Today's edition of Skift's daily podcast examines a proposed junk fee crackdown, an uptick in Disney park prices, and a shutdown of more flights to Israel.
Skift Daily Briefing Podcast
Listen to the day’s top travel stories in under four minutes every weekday.
Good morning from Skift. It’s Thursday, October 12. Here’s what you need to know about the business of travel today.
The Biden administration has taken another step to combat so-called junk fees. The Federal Trade Commission unveiled a proposed rule on Wednesday that would stop businesses — including those in the travel industry — from charging misleading fees, reports Associate Editor Rashaad Jorden.
Jorden writes the rule would require companies to show consumers the full price of their purchase as well as whether fees are refundable. Under the FTC’s proposal, businesses that don’t comply with the agency’s regulations could face fines and possibly have to refund consumers. An FTC spokesperson told Skift that the agency will hold a 60-day public comment period after which it will decide any changes to the proposal. The FTC would then vote on a final rule.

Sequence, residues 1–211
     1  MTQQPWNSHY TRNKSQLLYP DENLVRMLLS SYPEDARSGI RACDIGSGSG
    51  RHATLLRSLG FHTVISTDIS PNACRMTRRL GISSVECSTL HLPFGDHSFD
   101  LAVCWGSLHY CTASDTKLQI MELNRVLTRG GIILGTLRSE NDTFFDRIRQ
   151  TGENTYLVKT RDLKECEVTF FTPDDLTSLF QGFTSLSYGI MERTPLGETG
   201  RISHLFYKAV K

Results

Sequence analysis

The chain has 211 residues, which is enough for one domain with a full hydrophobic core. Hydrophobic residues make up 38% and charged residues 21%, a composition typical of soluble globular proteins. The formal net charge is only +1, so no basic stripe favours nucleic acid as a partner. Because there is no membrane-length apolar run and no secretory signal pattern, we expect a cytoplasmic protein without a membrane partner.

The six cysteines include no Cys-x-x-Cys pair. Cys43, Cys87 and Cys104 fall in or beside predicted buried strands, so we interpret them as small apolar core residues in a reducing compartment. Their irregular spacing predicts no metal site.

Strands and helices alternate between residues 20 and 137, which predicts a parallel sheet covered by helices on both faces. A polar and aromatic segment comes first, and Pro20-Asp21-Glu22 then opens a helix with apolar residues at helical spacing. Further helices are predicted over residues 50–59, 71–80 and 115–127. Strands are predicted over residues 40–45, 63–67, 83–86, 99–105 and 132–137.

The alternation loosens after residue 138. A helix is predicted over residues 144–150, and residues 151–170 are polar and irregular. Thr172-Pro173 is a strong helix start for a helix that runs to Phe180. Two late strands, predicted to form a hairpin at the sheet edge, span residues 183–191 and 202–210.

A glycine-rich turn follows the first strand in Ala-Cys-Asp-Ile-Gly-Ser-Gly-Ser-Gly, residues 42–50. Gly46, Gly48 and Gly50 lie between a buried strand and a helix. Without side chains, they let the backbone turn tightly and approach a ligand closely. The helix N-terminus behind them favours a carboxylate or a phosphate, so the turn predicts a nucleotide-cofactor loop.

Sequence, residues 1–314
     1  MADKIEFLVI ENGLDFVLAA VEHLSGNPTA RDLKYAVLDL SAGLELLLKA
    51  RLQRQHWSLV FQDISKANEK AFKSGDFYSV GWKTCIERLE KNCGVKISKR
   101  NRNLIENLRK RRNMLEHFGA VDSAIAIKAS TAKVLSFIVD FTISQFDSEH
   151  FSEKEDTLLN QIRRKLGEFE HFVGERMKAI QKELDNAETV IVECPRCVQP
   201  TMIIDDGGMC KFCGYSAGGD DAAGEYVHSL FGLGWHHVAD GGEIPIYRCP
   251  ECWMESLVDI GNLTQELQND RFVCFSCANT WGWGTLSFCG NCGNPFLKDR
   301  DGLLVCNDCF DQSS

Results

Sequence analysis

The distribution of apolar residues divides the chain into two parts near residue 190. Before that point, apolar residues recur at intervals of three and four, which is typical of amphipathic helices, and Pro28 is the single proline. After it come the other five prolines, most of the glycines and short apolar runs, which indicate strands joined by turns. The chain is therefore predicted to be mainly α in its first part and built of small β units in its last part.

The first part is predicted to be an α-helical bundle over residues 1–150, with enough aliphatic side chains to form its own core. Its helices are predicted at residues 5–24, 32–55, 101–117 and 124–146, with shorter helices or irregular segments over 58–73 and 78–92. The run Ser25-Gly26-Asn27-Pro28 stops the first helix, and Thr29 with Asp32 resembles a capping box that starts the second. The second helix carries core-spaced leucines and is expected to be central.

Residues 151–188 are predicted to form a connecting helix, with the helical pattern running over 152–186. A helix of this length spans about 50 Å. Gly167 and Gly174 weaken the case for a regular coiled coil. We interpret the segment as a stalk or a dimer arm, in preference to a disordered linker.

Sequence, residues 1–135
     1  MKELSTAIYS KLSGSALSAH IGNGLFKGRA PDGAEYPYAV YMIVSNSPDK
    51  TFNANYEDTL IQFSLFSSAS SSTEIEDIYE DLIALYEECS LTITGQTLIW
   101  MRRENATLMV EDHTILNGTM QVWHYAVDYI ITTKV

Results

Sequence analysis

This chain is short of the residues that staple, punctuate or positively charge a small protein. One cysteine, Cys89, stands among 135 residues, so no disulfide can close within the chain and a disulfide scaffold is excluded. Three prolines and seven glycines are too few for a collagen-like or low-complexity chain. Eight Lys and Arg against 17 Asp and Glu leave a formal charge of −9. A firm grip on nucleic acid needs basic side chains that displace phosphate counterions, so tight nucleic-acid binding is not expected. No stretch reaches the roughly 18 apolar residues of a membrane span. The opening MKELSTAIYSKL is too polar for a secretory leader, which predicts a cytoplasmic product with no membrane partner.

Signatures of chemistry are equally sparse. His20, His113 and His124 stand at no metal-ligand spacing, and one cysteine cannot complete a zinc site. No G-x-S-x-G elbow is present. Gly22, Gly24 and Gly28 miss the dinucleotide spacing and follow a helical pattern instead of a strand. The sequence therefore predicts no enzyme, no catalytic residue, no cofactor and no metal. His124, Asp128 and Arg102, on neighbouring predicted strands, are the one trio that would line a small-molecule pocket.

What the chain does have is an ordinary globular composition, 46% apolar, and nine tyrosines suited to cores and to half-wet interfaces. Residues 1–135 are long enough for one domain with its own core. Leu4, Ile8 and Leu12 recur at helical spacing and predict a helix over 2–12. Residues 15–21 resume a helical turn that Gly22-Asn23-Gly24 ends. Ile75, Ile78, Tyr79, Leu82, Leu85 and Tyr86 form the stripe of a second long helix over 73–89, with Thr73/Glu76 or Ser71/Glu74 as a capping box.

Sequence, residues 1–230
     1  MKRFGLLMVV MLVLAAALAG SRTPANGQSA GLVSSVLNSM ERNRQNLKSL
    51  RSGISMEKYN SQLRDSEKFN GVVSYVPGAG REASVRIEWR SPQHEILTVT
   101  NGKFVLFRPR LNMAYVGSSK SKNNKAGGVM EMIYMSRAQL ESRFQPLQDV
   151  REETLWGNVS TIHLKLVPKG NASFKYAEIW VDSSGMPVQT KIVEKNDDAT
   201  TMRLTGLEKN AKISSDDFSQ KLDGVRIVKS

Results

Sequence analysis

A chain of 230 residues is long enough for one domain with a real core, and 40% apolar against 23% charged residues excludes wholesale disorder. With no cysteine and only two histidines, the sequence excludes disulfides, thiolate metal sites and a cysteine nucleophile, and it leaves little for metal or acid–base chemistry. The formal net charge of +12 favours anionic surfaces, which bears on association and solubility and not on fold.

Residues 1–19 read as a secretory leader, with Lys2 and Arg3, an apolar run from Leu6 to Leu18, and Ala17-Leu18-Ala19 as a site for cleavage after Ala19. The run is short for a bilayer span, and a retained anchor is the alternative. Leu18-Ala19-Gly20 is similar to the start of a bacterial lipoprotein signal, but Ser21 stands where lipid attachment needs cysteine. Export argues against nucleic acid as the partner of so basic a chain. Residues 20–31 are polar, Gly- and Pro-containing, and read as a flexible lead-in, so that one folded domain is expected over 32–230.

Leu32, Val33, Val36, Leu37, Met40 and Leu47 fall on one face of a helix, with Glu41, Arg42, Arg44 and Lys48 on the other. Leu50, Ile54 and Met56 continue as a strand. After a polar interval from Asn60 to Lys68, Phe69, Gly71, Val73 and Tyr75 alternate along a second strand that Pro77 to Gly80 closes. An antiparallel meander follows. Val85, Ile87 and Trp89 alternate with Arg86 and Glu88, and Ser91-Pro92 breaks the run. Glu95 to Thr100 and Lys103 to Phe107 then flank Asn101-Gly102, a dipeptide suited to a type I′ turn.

Next, Disney has raised the price of tickets for both Disneyland and Disney World, writes Travel Experiences Reporter Selene Brophy.
Brophy reports Disneyland raised one-day ticket prices by between 4% and 9% and also increased the prices of multi-day tickets. Meanwhile, Walt Disney World raised the price of its annual passes by nearly 10%, but it didn’t increase the price of daily tickets to any of its theme parks. One travel industry insider said Disney could be betting that a small monthly increase in payment won’t cause many pass holders to cancel.
Finally, British Airways is the latest airline to suspend all flights to Israel following Hamas’ recent attack on the country, reports Edward Russell, editor of Skift publication Airline Weekly.
British Airways has joined United Airlines, Ryanair and EasyJet and other airlines in suspending service to the country. However, Russell notes an extended conflict wouldn’t significantly impact the balance sheets of most major global airlines. Israel’s small size makes it easy for airlines to route flights around its airspace.
Meanwhile, not every airline has suspended flights to Israel indefinitely. EasyJet and Ryanair currently plan to resume flights to the country before the end of the week.
Have a confidential tip for Skift? Get in touch
Photo credit: U.S. President Joe Biden speaking at the White House in May 2023. Reuters